Frankincense, like myrrh, is featured in the Bible story about the three wise men visiting the infant Jesus. Like myrrh, frankincense is a resin from a tree in the family Burseraceae. (Guggul is another resin from Boswellia carteri, a tree in that family.)
Frankincense comes from Boswellia sacra, a tree that grows in Somalia and parts of Saudi Arabia. Boswellia, or Indian frankincense, comes from Boswellia serrata, a tree native to hilly regions of India.
Like guggul, this resin has a long tradition of use in Ayurvedic medicine and is almost unknown in Europe and North American herbal traditions. At least one product sold in health food stores, Boswellin, contains a standardized ethanol extract of boswellia gum.
Boswellin is standardized to 60 to 65 percent boswellic acid and its derivatives. These are the primary active ingredients in the gum resin. The volatile oil contains pinene and phellandrene, among other ingredients, and imparts a distinctive fragrance, similar to that of frankincense.
In Ayurvedic medicine, different parts of *B. serrata* were traditionally used to treat such varied health conditions as asthma, dysentery, rheumatism, ulcers, and skin disorders.
Extracts of the resin have shown unmistakable anti-inflammatory power in animals, and rats with experimental arthritis responded well to treatment without apparent side effects. Test tube research shows that boswellic acids inhibit a specific enzyme crucial in producing certain chemicals important in the process of inflammation.
A boswellic acid mixture is used in India to treat arthritis. A double-blind crossover study of patients with osteoarthritis demonstrated that a preparation containing _B. serrata_ significantly reduced disability scores and pain, although it did not alter the underlying joint deformity.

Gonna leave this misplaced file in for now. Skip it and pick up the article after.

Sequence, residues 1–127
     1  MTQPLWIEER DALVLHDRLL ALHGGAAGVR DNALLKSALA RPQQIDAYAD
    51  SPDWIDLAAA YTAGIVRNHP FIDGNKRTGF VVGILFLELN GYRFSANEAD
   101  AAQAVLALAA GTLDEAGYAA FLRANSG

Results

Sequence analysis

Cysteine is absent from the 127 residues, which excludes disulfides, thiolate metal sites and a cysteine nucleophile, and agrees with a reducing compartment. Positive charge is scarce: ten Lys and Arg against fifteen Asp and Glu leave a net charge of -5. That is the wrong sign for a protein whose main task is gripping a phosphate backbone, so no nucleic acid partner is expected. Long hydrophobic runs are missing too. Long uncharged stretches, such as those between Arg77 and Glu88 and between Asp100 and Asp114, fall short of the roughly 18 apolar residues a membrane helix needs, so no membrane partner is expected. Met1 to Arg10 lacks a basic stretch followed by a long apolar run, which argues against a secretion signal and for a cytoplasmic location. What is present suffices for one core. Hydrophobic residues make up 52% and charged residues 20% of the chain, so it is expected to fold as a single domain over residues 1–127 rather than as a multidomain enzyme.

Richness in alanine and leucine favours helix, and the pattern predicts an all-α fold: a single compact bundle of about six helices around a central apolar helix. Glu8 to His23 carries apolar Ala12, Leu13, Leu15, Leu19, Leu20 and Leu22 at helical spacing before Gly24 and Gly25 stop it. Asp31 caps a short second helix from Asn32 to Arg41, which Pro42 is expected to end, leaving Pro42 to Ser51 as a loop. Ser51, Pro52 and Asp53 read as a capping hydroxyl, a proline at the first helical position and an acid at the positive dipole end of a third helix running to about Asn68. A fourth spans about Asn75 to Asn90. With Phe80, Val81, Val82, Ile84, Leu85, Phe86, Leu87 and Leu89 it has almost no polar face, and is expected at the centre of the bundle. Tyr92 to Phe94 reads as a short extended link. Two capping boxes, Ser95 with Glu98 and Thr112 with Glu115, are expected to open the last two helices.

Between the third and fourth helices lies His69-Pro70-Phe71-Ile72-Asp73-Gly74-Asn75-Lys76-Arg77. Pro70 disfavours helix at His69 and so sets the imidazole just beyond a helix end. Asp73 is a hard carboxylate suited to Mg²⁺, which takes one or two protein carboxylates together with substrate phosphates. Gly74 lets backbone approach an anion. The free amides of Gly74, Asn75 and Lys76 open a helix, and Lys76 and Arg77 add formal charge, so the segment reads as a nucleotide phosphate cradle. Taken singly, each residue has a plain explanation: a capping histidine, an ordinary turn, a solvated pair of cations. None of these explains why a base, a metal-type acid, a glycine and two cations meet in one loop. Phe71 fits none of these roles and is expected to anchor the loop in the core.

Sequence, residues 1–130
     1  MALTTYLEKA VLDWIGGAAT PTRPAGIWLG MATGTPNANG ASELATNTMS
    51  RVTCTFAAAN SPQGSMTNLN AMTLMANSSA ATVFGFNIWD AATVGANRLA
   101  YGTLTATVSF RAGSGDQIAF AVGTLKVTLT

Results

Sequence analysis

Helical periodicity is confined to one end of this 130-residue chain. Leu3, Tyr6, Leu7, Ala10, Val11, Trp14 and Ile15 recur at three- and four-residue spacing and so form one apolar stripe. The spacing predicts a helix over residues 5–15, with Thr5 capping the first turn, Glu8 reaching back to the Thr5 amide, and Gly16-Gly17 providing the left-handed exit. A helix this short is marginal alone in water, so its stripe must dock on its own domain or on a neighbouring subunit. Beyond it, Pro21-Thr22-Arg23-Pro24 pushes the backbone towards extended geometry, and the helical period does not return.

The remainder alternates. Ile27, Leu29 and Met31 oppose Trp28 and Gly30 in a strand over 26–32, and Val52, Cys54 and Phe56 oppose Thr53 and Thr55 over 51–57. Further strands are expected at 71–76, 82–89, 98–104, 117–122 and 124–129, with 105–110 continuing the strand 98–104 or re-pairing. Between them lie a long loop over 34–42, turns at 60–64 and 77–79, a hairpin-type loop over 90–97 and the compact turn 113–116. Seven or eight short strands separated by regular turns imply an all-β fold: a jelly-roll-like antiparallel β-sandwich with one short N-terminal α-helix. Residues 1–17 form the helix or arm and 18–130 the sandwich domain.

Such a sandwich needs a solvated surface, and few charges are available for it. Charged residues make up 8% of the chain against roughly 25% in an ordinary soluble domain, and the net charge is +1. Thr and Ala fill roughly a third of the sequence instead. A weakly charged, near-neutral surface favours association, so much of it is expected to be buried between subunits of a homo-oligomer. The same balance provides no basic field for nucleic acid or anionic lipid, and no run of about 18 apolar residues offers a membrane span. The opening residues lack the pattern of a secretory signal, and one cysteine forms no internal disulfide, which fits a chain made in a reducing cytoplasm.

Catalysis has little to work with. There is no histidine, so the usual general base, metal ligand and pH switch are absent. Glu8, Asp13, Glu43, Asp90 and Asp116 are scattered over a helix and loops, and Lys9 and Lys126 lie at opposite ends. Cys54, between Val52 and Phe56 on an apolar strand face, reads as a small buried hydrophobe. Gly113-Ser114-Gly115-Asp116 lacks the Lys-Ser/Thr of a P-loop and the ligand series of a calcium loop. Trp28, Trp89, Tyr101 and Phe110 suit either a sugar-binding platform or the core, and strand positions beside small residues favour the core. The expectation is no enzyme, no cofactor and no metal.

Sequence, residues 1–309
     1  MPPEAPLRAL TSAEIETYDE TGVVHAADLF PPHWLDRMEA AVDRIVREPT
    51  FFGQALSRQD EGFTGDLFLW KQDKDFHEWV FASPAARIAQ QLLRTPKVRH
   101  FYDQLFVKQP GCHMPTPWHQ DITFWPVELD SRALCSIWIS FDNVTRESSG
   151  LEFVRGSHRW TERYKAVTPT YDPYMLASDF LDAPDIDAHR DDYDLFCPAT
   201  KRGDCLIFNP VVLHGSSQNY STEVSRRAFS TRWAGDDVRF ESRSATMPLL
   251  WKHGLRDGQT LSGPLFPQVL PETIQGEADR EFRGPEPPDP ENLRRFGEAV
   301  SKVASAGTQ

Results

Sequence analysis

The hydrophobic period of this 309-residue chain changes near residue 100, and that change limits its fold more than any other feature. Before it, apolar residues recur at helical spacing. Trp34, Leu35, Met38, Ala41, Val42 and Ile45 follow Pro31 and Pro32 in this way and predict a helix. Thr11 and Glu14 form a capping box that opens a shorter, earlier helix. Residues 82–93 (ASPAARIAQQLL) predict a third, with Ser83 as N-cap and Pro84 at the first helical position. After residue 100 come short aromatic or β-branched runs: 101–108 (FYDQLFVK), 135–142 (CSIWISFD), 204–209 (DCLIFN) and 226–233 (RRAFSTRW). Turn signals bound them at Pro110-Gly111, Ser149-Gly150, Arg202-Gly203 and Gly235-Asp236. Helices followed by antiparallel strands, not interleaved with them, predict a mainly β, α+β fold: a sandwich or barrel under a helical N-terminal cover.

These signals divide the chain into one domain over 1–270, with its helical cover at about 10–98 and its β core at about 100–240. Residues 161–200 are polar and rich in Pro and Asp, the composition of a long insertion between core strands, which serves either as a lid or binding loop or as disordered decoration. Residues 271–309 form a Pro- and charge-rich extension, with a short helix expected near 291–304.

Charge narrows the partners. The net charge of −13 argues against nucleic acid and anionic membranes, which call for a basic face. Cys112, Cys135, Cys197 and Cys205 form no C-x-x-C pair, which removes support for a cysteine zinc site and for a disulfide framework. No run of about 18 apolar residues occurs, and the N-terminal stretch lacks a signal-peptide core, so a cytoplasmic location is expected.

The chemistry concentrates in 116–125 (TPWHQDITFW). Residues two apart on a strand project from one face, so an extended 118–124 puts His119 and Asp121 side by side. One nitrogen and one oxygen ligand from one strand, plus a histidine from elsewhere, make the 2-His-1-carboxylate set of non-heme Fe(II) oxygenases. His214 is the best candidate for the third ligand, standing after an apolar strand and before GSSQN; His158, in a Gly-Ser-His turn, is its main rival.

The arthritis benefits from boswellic acids may be related to their impact on glycosaminoglycan metabolism; these are the same biochemical pathways affected by glucosamine. Boswellic acid also has an effect on the immune system.
A boswellia gum resin preparation has been studied for the treatment of ulcerative colitis in comparison to sulfasalazine, a standard drug for this condition.
Over the course of six weeks, measures such as blood tests, stool analyses, and tissue pathology showed improvement. Three-fourths of the patients given sulfasalazine went into remission, and 82 percent of those on the resin preparation did so as well.
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The dose utilized in the ulcerative colitis study was 350 mg three times a day. That study lasted six weeks.
No special precautions are noted.
Boswellia has not been shown to cause ulcers, cardiovascular, respiratory, or psychological side effects. It might cause heartburn or gastritis, though.
In clinical trials, no side effects experienced by patients were severe enough to require them to stop participating in the study.
No interactions have been reported. Limited experience with this botanical medicine in Europe or North America may mean that it has not been widely used in conjunction with pharmaceutical medicines.